AREA OF INTEREST #3...The vigorous tropical wave of low pressure that various model runs have been forecasting to develop in the eastern tropical Atlantic has now exited the western coast of Africa. The tropical wave is maintaining a surface spin and western thunderstorm bands supported by the southern outflow of the tropical upper ridge in the region. As far as forecasting is concerned...one would think that climatology would mean that this wave would not develop (i.e. it is unusual to see development in this part of the Atlantic in June due to dry Saharan air...shear...and water temps in the eastern Atlantic not yet being that warm). However it appears we are in a situation defying climatology as the western thunderstorm bands are so far shielding the low pressure spin from a recent surge of dry saharan air being swept into the Atlantic from northwestern Africa...plus the tropical wave’s current forecast track will keep it over 26+ deg C warm water...and the tropical upper ridge in the region will remain in place and keep wind shear low. I have slighlty raised my peak odds of development from 40% to 50% for the following reasons:


(1) Three of the four major computer models (GFS...CMC...NAVGEM) continue to develop this tropical wave at some point...with the 0600Z GFS showing develolpment sooner rather than later...while the CMC and NAVGEM prefer to develop this wave just after the 5-day window. It is interesting to note that the ECMWF was the only model yesterday showing development but now has dropped showing development entirely as of 0000Z...while the other three models have risen to the occassion and shown development.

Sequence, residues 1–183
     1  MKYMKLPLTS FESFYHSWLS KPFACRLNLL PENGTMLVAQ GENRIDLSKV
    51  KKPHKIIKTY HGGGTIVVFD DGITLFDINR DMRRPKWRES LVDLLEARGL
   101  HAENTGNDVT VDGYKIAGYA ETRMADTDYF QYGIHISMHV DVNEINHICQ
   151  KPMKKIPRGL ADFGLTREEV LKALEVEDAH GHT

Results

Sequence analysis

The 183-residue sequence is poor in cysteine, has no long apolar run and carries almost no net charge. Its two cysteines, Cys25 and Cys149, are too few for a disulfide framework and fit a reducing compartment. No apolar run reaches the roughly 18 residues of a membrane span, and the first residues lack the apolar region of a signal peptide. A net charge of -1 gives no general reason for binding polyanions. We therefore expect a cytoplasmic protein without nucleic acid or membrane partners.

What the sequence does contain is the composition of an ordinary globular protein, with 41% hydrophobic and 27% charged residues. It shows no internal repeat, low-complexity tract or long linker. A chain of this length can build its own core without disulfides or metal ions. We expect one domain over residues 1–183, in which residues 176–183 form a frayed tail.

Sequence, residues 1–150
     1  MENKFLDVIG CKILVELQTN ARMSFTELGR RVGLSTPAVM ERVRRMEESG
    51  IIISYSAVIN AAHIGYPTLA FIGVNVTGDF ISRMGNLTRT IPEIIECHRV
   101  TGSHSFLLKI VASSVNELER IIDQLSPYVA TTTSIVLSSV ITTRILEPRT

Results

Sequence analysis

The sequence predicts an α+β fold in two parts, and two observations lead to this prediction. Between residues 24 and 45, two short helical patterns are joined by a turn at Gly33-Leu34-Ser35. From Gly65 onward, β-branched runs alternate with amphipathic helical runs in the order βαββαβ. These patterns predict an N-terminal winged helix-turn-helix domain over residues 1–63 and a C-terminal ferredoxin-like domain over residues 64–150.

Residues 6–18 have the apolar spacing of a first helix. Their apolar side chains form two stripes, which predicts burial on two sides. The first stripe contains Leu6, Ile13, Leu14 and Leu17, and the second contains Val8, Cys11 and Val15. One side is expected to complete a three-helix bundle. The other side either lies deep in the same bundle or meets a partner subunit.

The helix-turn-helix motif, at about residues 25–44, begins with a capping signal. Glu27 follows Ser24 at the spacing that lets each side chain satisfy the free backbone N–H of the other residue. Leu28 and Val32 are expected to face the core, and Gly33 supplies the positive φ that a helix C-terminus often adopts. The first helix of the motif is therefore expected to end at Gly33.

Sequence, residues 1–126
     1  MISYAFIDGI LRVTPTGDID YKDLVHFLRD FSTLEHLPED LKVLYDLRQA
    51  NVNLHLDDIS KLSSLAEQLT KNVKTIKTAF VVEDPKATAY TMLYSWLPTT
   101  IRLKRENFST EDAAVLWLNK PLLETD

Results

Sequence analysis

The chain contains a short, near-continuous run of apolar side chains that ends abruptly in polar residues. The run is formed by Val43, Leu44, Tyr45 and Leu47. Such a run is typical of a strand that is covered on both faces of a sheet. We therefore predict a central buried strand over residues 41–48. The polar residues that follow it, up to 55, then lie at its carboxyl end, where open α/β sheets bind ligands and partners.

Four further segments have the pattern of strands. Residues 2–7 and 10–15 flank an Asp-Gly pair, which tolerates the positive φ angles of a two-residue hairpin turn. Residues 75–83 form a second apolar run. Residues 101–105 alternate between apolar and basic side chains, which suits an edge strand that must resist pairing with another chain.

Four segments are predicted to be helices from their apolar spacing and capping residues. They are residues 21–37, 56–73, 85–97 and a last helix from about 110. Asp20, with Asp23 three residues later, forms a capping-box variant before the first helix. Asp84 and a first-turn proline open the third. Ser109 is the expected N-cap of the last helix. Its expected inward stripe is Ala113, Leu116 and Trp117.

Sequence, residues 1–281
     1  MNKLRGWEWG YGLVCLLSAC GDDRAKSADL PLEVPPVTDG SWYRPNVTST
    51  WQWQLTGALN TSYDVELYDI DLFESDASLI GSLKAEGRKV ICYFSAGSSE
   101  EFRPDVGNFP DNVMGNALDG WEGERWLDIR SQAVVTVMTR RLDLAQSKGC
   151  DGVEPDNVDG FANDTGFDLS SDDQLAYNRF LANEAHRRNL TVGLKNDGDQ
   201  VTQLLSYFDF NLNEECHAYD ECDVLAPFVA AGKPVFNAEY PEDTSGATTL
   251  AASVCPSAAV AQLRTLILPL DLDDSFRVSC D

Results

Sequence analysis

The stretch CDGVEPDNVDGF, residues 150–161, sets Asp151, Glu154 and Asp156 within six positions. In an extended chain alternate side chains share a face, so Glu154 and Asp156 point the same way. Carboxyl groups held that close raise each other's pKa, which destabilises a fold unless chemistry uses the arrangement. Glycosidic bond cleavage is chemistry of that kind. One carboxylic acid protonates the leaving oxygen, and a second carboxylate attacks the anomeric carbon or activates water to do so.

(2) The tropical wave is forecsat to remain on the south side of the tropical upper ridge axis in the region...where the upper wind direction is easterly. This will tend to keep the strongest thunderstorms on the west side of the wave's spin...which may help to protect the spin from any dry saharan air to the north and west.


(3) The tropical wave has not become better organized...therefore I think only a slight rise in development odds is needed


It will be an interesting few days to see if this wave actually goes on to develop and defy climatology...stay tuned.